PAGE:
forming Repulse Bay. It was also determined that there was no passage
to the westward for 30 miles to the northward of our position.

This summer, like that of 1818, was beautifully fine, but extremely
unfavorable for navigation, and our object being now to try a more
northern latitude, we waited with anxiety for the disruption of the
ice, but in vain, and our utmost endeavors did not succeed in
retracing our steps more than four miles, and it was not until the
middle of November that we succeeded in cutting the vessel into a
place of security, which we named "Sheriff's Harbor." I may here
mention that we named the newly discovered continent to the southward
"Boothia," as also the isthmus, the peninsula to the north, and the
eastern sea, after my worthy friend, Felix Booth, Esq., the truly
patriotic citizen of London, who, in the most disinterested manner,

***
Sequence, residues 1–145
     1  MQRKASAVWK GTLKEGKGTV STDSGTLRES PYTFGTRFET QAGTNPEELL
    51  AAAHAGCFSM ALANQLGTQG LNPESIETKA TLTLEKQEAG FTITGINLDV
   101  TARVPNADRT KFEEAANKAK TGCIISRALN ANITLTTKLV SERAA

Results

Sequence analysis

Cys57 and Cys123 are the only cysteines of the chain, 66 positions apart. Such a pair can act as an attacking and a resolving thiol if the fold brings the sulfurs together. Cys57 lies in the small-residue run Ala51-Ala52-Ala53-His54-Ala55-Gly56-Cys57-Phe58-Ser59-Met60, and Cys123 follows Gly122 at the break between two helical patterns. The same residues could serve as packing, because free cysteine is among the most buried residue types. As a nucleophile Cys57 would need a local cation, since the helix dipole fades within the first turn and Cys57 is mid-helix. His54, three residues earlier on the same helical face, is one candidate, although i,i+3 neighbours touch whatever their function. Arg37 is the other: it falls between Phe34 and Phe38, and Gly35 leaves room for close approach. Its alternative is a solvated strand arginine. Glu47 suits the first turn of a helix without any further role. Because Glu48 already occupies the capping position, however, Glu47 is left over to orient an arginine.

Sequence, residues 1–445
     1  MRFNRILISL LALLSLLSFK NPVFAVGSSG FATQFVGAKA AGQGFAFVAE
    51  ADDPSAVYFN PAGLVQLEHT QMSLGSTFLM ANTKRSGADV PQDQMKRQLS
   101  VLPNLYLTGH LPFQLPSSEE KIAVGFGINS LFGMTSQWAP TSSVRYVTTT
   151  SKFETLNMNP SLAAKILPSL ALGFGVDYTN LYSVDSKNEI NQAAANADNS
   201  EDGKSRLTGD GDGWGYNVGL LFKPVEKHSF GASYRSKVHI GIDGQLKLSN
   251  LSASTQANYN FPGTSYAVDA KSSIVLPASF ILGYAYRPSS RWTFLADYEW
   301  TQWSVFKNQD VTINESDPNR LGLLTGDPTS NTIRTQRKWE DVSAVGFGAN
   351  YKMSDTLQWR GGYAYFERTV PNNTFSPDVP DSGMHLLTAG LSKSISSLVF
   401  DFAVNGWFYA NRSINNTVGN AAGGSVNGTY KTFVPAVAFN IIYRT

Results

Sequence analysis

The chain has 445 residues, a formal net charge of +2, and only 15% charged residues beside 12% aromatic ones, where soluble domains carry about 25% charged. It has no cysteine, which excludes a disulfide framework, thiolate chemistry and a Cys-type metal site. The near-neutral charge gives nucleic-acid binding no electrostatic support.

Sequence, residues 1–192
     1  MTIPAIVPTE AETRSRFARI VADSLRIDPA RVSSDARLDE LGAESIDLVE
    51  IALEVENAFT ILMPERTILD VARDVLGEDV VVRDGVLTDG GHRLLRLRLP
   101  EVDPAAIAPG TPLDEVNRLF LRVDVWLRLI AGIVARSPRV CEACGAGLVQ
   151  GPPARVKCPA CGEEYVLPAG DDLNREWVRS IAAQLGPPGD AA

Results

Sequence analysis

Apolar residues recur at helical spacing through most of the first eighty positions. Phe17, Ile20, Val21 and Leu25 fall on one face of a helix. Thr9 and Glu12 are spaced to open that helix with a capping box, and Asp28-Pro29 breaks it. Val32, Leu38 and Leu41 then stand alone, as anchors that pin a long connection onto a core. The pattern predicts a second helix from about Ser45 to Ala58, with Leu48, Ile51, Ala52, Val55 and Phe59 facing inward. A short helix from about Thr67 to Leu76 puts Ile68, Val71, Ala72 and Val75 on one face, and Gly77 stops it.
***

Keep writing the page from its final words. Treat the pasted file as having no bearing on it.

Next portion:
enabled me to equip this expedition in superior style.

The last winter was in temperature nearly equal to the mean of what
had been experienced on the four preceding voyages, but the winters of
1830 and 1831 set in with a degree of violence hitherto beyond
record--the thermometer sunk to 92 degrees below the freezing point,
and the average of the year was 10 degrees below the preceding; but
notwithstanding the severity of the summer, we travelled across the
country to the west sea by a chain of lakes, 30 miles north of the
isthmus, when Commander Ross succeeded in surveying 50 miles more of
the coast leading to the north-west, and by tracing the shore to the
northward of our position, it was also fully proved that there could
be no passage below the 71st degree.

This autumn we succeeded in getting the vessel only 14 miles to the
northward, as we had not doubled the Eastern Cape, all hope of saving
the ship was at an end, and put quite beyond possibility by another
very severe winter; and having only provisions to last us to the 1st
of June, 1833, dispositions were accordingly made to leave the ship in
present port, which (after her) was named Victory Harbor. Provisions
and fuel being carried forward in the spring, we left the ship on the
28th of May, 1832, for Fury Beach, being the only chance left for
saving our lives; owing to the very rugged nature of the ice, we were